Before the Deepwater Horizon destroyed its credibility and balance sheet, BP spent millions on green-related imagery: donations to environmental groups, solar panel experimentation, speeches on safety. It redid its logo to look like a green and yellow sunflower and cleverly recast its initials to stand for a new slogan: “Beyond Petroleum.”
We know how well that worked out. We got the Gulf disaster anyway. Not because it was inevitable. No, a million spent on a better blowout preventer would have avoided that – a mere drop compared to the gallons of money expended on commercials and lobbyists and image consultants since the accident. Lesson: Integrity is cheaper than bullshit.
Arguably, the company did its damnedest to stop the leak and continues to clean up the aftermath (at least on the visible surface). But wouldn’t the global behemoth, and the planet on which it resides, have been better off if its catch phrase had been retooled as “Beyond Publicity”? Or “Beyond Perfidy”?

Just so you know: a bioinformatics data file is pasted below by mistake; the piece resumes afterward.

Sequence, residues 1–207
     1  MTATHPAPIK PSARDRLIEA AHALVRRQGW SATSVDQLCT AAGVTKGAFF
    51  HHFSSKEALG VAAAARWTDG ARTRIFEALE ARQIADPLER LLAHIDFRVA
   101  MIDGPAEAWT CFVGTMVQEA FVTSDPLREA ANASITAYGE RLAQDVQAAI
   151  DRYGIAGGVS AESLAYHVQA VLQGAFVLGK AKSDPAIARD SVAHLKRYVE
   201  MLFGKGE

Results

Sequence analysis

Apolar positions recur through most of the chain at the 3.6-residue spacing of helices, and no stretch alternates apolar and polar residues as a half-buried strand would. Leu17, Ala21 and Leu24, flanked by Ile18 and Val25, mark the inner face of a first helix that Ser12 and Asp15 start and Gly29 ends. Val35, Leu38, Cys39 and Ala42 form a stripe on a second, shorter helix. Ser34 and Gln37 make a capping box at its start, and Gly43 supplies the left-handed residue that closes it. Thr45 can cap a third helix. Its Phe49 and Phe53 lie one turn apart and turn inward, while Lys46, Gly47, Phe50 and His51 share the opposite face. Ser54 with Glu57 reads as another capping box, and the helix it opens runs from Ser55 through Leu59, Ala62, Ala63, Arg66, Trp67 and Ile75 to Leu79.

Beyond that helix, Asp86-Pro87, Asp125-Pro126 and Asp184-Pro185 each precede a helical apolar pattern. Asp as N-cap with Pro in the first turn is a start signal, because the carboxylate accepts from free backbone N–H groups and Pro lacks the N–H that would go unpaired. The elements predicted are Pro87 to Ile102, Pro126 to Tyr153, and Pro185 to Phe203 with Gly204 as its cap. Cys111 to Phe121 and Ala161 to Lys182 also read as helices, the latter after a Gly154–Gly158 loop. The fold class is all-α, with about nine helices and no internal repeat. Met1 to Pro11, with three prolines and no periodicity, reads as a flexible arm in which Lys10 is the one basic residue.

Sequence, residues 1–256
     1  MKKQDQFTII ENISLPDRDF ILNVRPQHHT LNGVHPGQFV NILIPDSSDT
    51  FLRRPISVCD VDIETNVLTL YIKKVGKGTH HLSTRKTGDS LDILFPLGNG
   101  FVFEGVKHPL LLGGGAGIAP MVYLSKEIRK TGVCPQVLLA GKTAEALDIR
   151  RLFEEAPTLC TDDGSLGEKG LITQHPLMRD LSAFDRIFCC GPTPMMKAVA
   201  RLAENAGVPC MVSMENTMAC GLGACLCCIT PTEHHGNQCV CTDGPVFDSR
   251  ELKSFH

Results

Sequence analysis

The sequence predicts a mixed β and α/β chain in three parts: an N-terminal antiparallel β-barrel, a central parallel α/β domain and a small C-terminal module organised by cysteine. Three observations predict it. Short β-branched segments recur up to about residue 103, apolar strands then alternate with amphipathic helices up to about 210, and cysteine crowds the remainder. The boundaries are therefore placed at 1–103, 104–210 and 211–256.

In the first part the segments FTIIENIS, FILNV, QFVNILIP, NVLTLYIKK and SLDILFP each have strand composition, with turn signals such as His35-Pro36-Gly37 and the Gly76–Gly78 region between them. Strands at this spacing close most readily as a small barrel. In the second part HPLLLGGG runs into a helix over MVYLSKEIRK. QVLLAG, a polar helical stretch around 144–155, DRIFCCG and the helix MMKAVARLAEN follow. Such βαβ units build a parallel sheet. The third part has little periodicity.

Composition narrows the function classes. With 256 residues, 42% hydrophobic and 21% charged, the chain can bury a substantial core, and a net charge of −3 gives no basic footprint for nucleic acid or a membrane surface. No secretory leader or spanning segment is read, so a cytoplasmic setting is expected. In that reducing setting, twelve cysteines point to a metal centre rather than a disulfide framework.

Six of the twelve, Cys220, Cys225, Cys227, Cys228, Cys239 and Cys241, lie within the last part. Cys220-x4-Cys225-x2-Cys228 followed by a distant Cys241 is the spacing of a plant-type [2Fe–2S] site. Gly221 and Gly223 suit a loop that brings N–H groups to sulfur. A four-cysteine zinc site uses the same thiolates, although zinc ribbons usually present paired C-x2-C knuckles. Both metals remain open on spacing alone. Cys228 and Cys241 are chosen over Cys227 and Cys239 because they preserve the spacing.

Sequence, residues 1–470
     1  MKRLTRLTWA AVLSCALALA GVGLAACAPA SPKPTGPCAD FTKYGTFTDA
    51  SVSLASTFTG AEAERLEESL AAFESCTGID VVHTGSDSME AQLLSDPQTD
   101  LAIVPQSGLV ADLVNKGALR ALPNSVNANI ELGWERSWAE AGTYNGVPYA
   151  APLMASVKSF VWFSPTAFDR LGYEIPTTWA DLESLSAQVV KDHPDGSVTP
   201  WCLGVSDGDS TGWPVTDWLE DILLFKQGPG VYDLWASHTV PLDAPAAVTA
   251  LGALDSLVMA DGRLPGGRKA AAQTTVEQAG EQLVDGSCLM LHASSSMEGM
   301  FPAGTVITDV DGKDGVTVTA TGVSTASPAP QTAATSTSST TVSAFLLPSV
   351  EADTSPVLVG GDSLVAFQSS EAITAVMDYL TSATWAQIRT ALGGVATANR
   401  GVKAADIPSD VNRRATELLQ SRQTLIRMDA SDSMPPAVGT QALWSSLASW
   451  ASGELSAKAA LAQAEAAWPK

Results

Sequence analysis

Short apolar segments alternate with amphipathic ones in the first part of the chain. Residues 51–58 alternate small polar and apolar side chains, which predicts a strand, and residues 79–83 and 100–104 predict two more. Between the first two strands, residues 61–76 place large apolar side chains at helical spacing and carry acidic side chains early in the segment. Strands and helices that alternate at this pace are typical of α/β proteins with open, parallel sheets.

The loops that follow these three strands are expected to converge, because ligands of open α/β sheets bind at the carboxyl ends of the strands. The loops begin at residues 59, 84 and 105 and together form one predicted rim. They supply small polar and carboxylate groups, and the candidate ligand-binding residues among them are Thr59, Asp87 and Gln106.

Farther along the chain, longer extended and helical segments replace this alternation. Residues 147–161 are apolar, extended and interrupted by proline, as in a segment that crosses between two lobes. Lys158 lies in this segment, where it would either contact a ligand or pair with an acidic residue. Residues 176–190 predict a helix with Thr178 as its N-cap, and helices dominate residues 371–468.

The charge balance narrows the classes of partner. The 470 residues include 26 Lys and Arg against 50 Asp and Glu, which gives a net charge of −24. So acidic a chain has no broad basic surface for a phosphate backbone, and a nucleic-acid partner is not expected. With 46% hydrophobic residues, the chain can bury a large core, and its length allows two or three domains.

There’s nothing wrong with salesmanship. It’s a necessary lubricant. Most relationships, good ones too, get their start with a little courtship. But increasingly in this hyper-marketing age (commercial, political, religious, and otherwise) we have to be on the lookout for those whose game is deception. Or even self-deception, for believing something is true doesn’t make it so – viz, all the trendy “green” campaigns we’ve witnessed recently.
When you come across falseness, you don’t necessarily need to crusade against it. You have other things to do. But you should refuse to feed the beast with your business. As Thoreau said, “It is not a man’s duty, as a matter of course, to devote himself to the eradication of any, even the most enormous wrong; he may still properly have other concerns to engage him; but it is his duty, at least, to wash his hands of it, and, if he gives it no thought longer, not to give it practically his support.”
Shun the lobbying polluters, the Trickle-Down tricksters, the Wall Street thieves, and their ilk. Deny them your eyes, ears, mind, money and votes as much as possible. Do not lend them your sacred trust and credulity. Give a new meaning to P.R. by putting your own spin on it: promoting responsibility.